Tech’s got it covered
Insurance. It may not be sexy, but it sure gets about. Almost everyone has at least one form of insurance.
Unsurprisingly, this is reflected in the state of the industry as a whole. According to MarketRealist, the US insurance industry is the largest in the world. Since 2011, the annual revenue of insurance premiums exceeded $1.2 trillion.
Historically, the wealth of the industry has not translated to bigger budgets for innovation. Up until recently, the insurance industry has been slow to embrace new tech. Research and advisory firm, Forrester, advised in 2015 that insurance firms must embrace digital disruption, or risk being left behind.
Luckily for insurers, they’ve managed to think fast. Keep reading to find out five ways InsurTech is shaping up the insurance sector.
AI triage system
Anyone who’s ever made a claim on their insurance will know it can be a long-winded process.
While most claims handlers make the process as painless as possible, there’s a certain amount of questions they simply have to ask. It can be time-consuming, to say the least.
Now, insurers are starting to use AI to automate some of the claims-handling processes. Straightforward claims can be handled by an AI process, with more complex claims escalated quickly to human claims handlers. This will reduce claim times, and is much more cost-effective for insurers. This, in turn, can help push down insurance premiums.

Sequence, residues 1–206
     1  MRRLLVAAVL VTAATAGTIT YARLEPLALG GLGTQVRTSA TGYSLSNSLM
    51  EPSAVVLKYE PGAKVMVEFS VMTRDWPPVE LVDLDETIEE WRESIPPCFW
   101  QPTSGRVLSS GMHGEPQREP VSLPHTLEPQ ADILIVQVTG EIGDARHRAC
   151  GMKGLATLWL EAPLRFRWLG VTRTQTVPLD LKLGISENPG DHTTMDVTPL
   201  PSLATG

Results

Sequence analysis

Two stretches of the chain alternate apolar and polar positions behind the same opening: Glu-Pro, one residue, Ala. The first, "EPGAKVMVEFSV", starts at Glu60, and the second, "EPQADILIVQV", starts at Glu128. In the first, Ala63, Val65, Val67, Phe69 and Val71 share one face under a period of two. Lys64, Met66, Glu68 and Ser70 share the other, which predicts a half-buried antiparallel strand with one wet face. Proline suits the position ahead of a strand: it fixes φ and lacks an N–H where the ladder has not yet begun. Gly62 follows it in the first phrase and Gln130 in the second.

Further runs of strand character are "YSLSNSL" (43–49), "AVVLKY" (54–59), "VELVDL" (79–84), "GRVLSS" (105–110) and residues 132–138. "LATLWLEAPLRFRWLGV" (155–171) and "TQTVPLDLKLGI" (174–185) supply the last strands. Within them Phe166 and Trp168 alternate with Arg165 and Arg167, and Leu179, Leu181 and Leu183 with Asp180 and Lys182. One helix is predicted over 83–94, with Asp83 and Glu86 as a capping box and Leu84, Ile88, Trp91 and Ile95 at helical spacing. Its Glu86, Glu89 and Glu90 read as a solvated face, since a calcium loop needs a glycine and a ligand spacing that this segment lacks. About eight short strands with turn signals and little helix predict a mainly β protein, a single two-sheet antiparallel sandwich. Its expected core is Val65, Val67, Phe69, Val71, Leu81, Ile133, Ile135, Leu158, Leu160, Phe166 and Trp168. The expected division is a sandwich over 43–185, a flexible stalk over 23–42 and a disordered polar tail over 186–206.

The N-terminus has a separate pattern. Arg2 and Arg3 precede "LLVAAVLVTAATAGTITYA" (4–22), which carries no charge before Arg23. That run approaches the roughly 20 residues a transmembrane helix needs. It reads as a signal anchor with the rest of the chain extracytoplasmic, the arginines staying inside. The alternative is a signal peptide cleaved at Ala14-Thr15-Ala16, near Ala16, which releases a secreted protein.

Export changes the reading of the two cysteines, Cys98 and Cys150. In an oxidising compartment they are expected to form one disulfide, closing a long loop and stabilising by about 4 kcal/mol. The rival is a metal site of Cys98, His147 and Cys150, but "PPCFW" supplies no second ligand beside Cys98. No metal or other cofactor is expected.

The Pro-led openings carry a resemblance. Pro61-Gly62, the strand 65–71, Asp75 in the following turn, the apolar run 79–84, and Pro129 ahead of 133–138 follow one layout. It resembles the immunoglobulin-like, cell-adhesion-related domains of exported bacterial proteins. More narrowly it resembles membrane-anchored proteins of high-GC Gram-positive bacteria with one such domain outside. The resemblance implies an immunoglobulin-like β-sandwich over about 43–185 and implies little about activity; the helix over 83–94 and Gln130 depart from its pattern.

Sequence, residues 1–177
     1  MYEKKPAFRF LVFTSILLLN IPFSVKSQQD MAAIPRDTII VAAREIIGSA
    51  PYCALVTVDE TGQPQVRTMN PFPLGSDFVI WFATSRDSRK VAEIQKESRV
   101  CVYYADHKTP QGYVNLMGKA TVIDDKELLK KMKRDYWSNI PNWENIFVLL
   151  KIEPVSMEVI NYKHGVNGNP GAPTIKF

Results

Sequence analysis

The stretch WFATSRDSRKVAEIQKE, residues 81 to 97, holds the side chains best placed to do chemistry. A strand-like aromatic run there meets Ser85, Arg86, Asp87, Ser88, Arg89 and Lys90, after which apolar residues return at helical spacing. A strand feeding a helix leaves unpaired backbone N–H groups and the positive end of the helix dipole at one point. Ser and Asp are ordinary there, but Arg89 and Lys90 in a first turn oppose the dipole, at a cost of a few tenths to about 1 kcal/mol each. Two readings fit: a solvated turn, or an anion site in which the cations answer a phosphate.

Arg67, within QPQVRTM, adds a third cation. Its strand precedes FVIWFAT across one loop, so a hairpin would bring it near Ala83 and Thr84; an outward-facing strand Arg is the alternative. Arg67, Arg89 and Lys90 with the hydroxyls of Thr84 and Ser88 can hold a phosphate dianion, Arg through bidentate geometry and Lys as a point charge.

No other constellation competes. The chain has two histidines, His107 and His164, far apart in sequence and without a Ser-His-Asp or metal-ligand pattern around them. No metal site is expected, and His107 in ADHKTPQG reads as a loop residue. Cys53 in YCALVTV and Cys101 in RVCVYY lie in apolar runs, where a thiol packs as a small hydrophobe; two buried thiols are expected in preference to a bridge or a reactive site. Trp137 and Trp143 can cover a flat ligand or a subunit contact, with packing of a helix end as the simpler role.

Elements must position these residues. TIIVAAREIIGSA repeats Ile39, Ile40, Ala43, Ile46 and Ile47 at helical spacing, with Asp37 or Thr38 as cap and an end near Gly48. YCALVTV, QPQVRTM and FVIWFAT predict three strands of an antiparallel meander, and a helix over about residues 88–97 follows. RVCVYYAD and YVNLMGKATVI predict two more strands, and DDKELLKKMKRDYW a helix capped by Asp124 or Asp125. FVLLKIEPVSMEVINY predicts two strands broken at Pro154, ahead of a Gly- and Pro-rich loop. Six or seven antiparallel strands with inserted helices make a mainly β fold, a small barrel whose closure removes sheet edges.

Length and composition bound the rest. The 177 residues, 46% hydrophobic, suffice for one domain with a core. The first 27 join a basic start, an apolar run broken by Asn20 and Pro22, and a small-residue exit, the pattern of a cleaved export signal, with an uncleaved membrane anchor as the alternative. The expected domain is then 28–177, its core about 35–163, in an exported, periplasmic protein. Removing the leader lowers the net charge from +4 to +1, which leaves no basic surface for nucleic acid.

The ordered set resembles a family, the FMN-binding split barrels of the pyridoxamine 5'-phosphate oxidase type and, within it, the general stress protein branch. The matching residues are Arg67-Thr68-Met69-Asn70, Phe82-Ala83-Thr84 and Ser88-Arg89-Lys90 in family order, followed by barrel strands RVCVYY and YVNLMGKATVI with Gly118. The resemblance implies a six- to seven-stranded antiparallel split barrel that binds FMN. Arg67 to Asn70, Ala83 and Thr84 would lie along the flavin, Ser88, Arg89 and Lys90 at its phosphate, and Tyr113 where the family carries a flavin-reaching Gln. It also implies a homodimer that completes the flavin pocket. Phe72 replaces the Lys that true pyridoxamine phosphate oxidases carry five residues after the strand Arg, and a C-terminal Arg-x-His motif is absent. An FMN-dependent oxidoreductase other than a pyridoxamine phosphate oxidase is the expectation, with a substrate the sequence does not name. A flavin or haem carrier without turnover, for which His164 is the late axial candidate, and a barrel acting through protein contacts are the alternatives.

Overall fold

In fact, since machine learning software has the ability to pick up subtle patterns in data, experts predict it may be more effective than humans when it comes to identifying insurance fraud.
Ageas is the first UK insurer to roll out AI in its claims handling process, but we reckon this will become the norm over the next couple of years. Watch this space.
As wildly futuristic as it may seem, we’re actually just a few short years from driverless cars becoming the norm.
According to Sven Raeymaekers, of tech investment banker GP Bullhound, “the majority of car manufacturers estimate the first highly to fully automated vehicles [AVs] will hit the market between 2020-2025”.
As the way we drive is completely reinvented, this will have a knock-on effect on the way we insure our cars. If nobody is ‘driving’, who’s liable for any accidents that might occur? Are self-driving cars truly safe enough to dominate our roads?
Some experts think so. This article by Jennifer Fitzgerald for TechCrunch suggests that car insurance premiums could drop by as much as 60% over the next 15 years. They believe that the majority of car accidents are caused by human error – without humans controlling our cars, they believe our roads will be much safer places.
Did you know that the UK has more insurance claims relating to whiplash than anywhere else in Europe? In the UK, 78% of low-value motor personal injury claims are for whiplash, compared to 48% throughout the rest of Europe. A whiplash claim is made, on average, once every minute in the UK.
This wouldn’t be a problem, except many of these claims are fraudulent. Check out the following from the Huffington Post:
“According to a recent survey of the general public by AXA Insurance, 2% of respondents openly admitted to filing a fraudulent or exaggerated whiplash claim, and 11% knew someone who had done the same. Two out of every 100 Britons, not just those who had been in an accident – or even necessarily motorists – openly admitted to gaming the system by filing whiplash claims they knew to be false.”
These fraudulent insurance claims cost insurers millions, in turn raising premiums for the consumer. Luckily, tech has a way to solve it.